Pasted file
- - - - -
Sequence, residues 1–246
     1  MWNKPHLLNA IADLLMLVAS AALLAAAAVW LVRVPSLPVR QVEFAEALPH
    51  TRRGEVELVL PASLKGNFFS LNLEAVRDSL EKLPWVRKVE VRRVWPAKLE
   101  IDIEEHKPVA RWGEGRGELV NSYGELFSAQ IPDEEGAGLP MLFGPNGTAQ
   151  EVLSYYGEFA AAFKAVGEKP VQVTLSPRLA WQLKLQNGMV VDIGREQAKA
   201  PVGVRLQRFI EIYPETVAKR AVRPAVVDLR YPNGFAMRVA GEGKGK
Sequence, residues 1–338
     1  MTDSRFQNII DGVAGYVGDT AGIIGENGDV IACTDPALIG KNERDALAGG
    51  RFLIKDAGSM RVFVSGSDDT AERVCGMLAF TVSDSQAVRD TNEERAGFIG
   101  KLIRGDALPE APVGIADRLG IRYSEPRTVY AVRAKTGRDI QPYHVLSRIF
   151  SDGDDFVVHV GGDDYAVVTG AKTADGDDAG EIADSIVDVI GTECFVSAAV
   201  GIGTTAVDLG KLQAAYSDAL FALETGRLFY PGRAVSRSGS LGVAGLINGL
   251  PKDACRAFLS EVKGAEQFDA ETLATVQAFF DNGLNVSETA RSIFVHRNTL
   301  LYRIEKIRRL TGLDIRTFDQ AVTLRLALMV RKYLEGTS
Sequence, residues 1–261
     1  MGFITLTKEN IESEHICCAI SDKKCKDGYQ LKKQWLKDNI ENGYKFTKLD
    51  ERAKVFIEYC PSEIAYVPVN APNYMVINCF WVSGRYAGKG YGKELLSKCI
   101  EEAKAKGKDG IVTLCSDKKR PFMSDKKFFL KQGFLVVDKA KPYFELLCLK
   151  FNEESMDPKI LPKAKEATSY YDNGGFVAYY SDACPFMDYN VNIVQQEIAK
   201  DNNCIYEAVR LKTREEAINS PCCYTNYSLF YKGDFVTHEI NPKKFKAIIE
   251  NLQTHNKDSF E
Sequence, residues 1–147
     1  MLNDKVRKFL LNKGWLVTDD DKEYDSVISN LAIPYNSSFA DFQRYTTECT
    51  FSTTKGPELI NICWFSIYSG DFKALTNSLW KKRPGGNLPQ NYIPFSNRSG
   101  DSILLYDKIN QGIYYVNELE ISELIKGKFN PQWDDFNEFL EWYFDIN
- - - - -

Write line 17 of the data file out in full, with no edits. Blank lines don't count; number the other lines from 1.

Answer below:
    51  ERAKVFIEYC PSEIAYVPVN APNYMVINCF WVSGRYAGKG YGKELLSKCI